When former U.S. Army soldier J.T. Ibanez returned home from Iraq in 2004, just going to the grocery store was a challenge. He’d intentionally do his shopping in the morning or early afternoon when there were fewer people around.
“The more people I was around, the more anxious I’d get. I became hyper-aware I guess you could say. So I’d avoid situations that might trigger any negative thoughts or emotions,” said Ibanez. “I’d tend to stay at home as much as possible.”
In 2000, the St. Louis native enlisted in the U.S. Army, spending four years in the 82nd Airborne in Fort Bragg, North Carolina. Then, in 2003, he was deployed to Iraq for a year. When Ibanez returned, he was diagnosed with post-traumatic stress disorder.
In order to help cope with his PTSD, Ibanez began researching how other veterans handle their mental health issues. He discovered a lot of veterans would get out and explore the national parks. After learning about the National Parks Service’s 100th anniversary, he decided to grab his camera, get out of the house, and embark on a 25-day, 7,200-mile adventure from coast to coast with a friend. “I put myself in the situation of getting out of my comfort zone and hopefully challenge myself along the way,” said Ibanez.
Starting in Virginia and ending in California, the Army vet visited and filmed 12 national parks including Shenandoah National Park, Lincoln Memorial, Yellowstone, Redwood National Park and Carlsbad Caverns in New Mexico, where he overcame his biggest challenge: a 1.2-mile downhill hike into a cold, massive cave. Although there is an elevator, Ibanez decided to push himself and walk the whole way back through the steep cave.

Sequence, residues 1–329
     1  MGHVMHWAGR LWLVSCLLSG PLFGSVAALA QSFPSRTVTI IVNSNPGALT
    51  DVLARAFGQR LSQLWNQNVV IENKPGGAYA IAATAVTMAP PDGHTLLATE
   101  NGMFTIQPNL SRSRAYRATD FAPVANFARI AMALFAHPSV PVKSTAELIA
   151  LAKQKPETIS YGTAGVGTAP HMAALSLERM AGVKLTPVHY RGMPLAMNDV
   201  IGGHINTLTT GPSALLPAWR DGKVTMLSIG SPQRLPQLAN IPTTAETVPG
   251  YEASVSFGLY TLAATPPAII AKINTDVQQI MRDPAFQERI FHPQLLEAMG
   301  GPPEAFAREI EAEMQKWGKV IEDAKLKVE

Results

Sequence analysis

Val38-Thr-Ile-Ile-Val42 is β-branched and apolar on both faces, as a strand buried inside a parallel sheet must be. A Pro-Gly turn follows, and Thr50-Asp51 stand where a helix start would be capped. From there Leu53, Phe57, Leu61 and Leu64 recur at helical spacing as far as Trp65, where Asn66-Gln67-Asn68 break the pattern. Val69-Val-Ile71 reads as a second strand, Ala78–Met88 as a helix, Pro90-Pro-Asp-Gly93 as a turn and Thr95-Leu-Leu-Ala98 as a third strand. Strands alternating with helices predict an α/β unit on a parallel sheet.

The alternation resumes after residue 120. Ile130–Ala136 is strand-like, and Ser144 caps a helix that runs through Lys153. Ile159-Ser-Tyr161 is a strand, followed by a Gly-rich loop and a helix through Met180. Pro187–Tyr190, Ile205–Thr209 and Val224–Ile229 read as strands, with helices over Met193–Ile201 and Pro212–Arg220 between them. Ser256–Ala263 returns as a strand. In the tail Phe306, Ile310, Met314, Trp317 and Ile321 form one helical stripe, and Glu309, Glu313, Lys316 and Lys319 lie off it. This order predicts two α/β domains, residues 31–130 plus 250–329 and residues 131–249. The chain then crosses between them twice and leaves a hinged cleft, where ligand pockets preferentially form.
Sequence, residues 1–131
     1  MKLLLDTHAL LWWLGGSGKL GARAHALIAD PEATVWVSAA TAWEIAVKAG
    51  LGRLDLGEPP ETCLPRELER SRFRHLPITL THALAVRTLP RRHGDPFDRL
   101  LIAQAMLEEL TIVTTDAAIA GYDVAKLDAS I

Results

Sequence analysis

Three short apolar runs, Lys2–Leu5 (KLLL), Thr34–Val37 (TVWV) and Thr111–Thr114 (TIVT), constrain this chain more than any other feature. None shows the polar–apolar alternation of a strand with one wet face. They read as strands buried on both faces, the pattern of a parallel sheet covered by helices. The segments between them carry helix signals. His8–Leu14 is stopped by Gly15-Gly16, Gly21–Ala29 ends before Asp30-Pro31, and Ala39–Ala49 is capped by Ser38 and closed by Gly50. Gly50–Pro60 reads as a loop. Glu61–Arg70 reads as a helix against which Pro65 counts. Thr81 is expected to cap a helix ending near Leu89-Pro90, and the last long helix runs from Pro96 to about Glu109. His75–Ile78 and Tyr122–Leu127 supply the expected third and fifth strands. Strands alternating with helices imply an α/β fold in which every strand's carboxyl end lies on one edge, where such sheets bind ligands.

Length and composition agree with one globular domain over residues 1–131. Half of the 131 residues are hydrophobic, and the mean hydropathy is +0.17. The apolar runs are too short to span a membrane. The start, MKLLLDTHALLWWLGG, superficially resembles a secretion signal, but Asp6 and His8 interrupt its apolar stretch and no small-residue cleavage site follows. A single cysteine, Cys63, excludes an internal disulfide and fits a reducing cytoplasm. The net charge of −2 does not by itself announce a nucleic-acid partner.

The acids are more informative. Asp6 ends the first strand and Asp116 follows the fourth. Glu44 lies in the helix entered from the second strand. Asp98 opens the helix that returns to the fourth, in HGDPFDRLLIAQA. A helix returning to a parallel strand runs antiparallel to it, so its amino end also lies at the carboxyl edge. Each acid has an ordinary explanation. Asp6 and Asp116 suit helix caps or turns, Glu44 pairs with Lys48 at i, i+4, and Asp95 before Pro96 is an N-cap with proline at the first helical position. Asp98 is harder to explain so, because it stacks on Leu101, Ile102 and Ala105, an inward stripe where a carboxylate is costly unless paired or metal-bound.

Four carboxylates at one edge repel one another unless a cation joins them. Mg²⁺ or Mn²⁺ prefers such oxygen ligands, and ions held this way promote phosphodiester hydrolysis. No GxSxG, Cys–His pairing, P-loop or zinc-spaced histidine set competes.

Check out more on his short documentary, "A Veteran and his Camera," below.
Benjamin Franklin nailed it when he said, "Fatigue is the best pillow." True story, Benny. There's nothing like pushing your body so far past exhaustion that you'd willingly, even longingly, take a nap on a concrete slab.
The Pentagon has identified a Green Beret who was killed on Tuesday by enemy small arms fire in southern Afghanistan as Staff Sgt. Joshua Z. Beale.
Beale was assigned to 1st Battalion, 3rd Special Forces Group (Airborne) at Fort Bragg, North Carolina, according to U.S. Army Special Operations Command. He was killed during combat operations in Tarin Kowt, Uruzgan Province, Afghanistan.
The commandant of the U.S. Coast Guard called the ongoing partial government shutdown "unacceptable" following reports that some Coast Guardsmen are relying on donations from food pantries while their regular paychecks remain on hold.
"We're five-plus weeks into the anxiety and stress of this government lapse and your non-pay," Adm. Karl Schultz said in a video message to service members. "You, as members of the armed forces, should not be expected to shoulder this burden."
The M160 Robotic Mine Flail at Fort Leonard Wood, Missouri. Photo: Maj. Dan Marchik/U.S. Army
The battlefield of the future could feature robot medics delivering life-saving care to casualties in the line of fire. At least, that's what the Army is aiming for — and it's willing to pay millions for help doing it.
Retired U.S. Army Lt. Col. Charles Kettles was awarded the Medal of Honor July 18, 2016, for his actions while serving as a Flight Commander assigned to the 176th Aviation Company (Airmobile) (Light), 14th Combat Aviation Battalion, Americal Division. Then-Maj. Kettles distinguished himself in combat operations near Duc Pho, Republic of Vietnam, on May 15, 1967. (U.S. Army/Spc. Tammy Nooner)
YPSILANTI, MI - When a brigade of U.S. troops was ambushed by the North Vietnamese Army in the Song Tra Cau riverbed on the morning of May 15, 1967, Lt. Charles Kettles volunteered to lead the rescue, and he refused, again and again, to back down when faced with a barrage of gunfire.
His aircraft badly damaged, left spilling fuel, and his gunner was severely injured during the treacherous operation.
But he helicoptered in and out of the battlefield four times, saving the lives of 44 soldiers in a death-defying emergency operation that would become a legendary tale of bravery in the Vietnam War.